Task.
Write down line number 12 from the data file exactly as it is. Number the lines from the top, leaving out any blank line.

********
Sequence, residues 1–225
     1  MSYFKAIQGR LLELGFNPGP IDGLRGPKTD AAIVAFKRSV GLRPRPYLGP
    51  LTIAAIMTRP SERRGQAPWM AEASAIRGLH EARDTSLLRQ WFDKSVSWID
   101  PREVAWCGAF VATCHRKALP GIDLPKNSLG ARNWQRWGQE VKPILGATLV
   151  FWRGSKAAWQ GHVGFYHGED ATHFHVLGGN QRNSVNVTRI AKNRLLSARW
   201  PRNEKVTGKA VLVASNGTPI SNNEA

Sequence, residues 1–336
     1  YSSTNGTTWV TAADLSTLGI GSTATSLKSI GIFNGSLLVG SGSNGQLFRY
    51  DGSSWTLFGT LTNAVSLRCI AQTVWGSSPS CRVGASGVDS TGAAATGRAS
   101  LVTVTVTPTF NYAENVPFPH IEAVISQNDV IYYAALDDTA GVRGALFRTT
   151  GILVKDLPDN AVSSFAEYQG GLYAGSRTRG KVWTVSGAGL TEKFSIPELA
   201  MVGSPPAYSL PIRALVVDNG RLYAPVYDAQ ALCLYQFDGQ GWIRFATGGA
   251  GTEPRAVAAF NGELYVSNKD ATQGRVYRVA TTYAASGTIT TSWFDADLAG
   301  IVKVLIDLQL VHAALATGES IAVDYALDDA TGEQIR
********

   201  MVGSPPAYSL PIRALVVDNG RLYAPVYDAQ ALCLYQFDGQ GWIRFATGGA